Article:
Ever since moving to Franklin, I had been planning on becoming a local at the library and coffee shops. I even set aside a small budget for coffee, books, newspapers, etc.
That’s what a writer does, right?
Well if that’s what a writer does, I’ve been breaking ceilings and boundaries.
Did you ever read the introduction or exposition of a book? Like a really, really old book, not The Fault in Our Stars (which by the way, John Green is awesome). Chances are, you skipped the exposition. No worries though, I read it for you!
Within each introduction of a novel is typically a brief biography of the particular author. Just as in any art form, you can discover many parallels of an author’s life and their work. Narratives become livelier when you realize the voice behind them.
However, most of these classics were written from home.
Countless days spent in solitude have produced some of the most beautiful pieces of written work.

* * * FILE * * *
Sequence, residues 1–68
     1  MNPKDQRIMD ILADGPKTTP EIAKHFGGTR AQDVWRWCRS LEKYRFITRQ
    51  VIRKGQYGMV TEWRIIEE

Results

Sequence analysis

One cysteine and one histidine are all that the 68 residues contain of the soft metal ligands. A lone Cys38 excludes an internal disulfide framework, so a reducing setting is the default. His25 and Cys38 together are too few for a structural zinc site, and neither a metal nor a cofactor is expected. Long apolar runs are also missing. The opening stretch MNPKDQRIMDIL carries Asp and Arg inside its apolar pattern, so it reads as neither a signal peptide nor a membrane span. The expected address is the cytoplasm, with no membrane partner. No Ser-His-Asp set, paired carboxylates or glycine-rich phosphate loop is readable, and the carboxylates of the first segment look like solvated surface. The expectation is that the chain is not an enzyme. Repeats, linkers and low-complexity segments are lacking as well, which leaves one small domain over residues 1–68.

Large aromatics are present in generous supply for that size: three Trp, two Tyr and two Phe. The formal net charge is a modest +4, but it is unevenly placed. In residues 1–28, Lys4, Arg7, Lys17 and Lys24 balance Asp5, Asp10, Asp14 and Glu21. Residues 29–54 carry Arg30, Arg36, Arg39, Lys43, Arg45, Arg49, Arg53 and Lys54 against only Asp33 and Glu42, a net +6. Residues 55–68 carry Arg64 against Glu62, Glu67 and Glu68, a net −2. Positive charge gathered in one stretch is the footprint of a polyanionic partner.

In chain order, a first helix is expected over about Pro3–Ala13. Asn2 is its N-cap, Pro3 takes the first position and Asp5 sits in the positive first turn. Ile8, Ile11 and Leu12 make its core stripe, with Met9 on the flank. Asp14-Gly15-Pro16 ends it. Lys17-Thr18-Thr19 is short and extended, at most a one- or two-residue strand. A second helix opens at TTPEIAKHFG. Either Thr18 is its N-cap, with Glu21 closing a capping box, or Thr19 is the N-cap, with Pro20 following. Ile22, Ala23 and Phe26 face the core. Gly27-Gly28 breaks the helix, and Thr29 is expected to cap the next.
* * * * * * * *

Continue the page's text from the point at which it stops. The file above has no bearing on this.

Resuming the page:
I used to feel obligated to work among other people.
In a coffeeshop.
Among the stacks in a library.
Between the tables at a café.
There’s nothing wrong with feeding off the energy and creativity with others. Most of the time, I find myself opting to do so.
Every once in awhile I find myself in a season of peace in the solitude: I love to take advantage of the time and space I have to write, relax, and withdraw from everything.
Everyone needs a balance.
There are days for staying in, and there are days for going out.
Whatever day it is, creativity doesn’t have boundaries.